When I was a kid I used to hate going to the dentist. I’m sure there are not many people, young or old, who like going to the dentist. But Iwas always under the impression that if you wanted to keep all of your teeth intact you should avoid the dentist. I did my best to avoid it in my adult years and i never had braces, and as it turns out, I probably did the right thing. Once I started learning about nutrition I realized that cavities are pretty much preventable. I started to follow a pretty simple protocol: try to eat how my ancestors ate and avoid certain foods that cause mineral imbalances. I try to modal my diet off of the writings of Weston Price, a dentist from the 1930s. Price conducted studies on tribal and indigenous societies throughout the world. He discovered that the real cause behind tooth decay was: 1. a lack of fat soluble vitamins and minerals in the diet, and 2. large amounts of certain foods that irritate the body and cause a mineral imbalance. His main area of focus was on comparing different diet protocols and studying the results. In his book, Nutrition & Physical Degeneration, Price compares the traditional diets of the Gaelics in the outer Hebrides to the more modernized Gaelics of that era. Take a look at this picture of 2 brothers who were from the same town but ate completely different things:
“The brother on the left had excellent teeth and the one on the right rampant caries. These boys were brothers eating at the same table. The older boy, with excellent teeth, was still enjoying primitive food of oatmeal and oatcake and sea foods with some limited dairy products. The younger boy, seen to the left, had extensive tooth decay. Many teeth were missing including two in the front. He insisted on having white bread, jam, highly sweetened coffee and also sweet chocolates. His father told me with deep concern how difficult it was for this boy to get up in the morning and go to work.”
While it it obvious that the one eating the sweets has bad teeth, the real reason why is not so clear. As it turns out, eating certain foods that are high in phytic acid actually winds up causing your body to pull minerals from your teeth, resulting in tooth decay. Wheat and most wheat products all contain high amounts of phytic acid and generally that’s what I try to avoid. The tricky part is avoiding all the sugary stuff and sticking to a specific food routine. I mostly eat meat/dairy, with a lot of vegetables and foods that have no phytic acid, like white rice. Additionally, I make sure im getting my fat soluble vitamins in the form of fatty fish oils. This helps to re-mineralize your body so your teeth will stop decaying. Cod liver oil is a supposed to be really helpful for preventing cavities. Usually I am not a big fan of supplements, but I am even less of a fan of the dentists drill. If your lazy like me and don’t want to do in depth research you can find a good comparison table here.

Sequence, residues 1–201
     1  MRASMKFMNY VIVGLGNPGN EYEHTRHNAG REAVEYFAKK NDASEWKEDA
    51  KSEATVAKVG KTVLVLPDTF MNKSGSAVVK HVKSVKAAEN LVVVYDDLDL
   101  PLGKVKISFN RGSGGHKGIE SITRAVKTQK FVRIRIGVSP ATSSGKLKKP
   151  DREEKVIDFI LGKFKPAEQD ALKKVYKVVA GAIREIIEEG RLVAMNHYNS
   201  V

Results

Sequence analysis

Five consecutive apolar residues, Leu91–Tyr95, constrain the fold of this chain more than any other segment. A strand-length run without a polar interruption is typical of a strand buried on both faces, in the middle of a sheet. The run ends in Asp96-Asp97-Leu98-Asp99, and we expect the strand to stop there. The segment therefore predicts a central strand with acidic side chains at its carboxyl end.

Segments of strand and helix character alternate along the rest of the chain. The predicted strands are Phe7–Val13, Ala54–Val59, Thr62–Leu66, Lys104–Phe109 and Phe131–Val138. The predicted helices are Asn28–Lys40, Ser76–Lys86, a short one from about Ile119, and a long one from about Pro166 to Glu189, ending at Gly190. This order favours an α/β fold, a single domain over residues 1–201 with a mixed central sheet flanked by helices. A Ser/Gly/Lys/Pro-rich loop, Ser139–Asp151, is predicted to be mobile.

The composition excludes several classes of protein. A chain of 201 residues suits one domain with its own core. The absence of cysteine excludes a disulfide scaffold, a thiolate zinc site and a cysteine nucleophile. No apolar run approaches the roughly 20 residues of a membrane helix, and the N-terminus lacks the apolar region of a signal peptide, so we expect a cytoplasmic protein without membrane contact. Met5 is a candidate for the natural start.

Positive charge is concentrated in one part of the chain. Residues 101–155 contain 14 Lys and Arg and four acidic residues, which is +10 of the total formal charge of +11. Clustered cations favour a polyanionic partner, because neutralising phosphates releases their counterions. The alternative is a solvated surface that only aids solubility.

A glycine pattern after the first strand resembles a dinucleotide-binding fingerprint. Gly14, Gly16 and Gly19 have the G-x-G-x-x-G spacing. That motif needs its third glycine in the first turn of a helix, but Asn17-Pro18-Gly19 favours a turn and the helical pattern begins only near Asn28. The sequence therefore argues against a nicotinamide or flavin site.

So that’s it. A surefire way of preventing your teeth from being damaged by a (dentists) drill. Hopefully one day my teeth will look closer to the brother on the left!
I’m sitting here drinking some raw milk, which is one of my favorite fermented foods. To clarify: yep that’s unpasteurized milk. This is the way humans drank milk before pasteurization was invented. Pasteurization was invented in 1886 to control the outbreak of dangerous bacteria that scientists believed would be transmittable to humans. It eventually discovered that the most common bovine related diseases cannot be contracted by humans drinking raw milk. However, there is still risk of human based contamination such as e coli and salmonella. That is why we still have mostly pasteurized milk in stores today.
There is another obvious commercial benefit to pasteurization: shelf life. I read an article recently that says there is an over abundance of milk being produced in the US and not enough people drinking it. This is because since the advent of pasteurization, milk production has become big business and most of the large agriculture companies produce many more gallons a year than they can sell.
Pasteurized milk is essentially milk with no bacteria in it. But the problem with this is that there is beneficial bacteria in raw milk as well as bad bacteria. They together hand in hand. The beneficial bacteria in raw milk can help boost you immune system and provides a probiotic effect that improves digestion. The obvious thing here is that the milk must be created in very clean conditions using healthy animals. The cows should be fed grass and not grains. As grass is a cows natarual diet, it will produce milk that is high in nutrients and low in bad bacteria. Grass fed cows also have a higher adundance of CLA in there milk. CLA or conjugated linoleic acid is a good fat that is helpful in muscle growth and improves weight loss. Unfortunately, pasteurized milk is produced using cows that are raised solely on a grain diet. The reason for this is that grain fed cows produce much more milk than grass fed ones. Grain fed cows are also given RBST hormone injections to further increase there milk output. The milk from RBST treated cows actually contains compounds that decease the body’s defenses against the formation of cancer cells – yikes!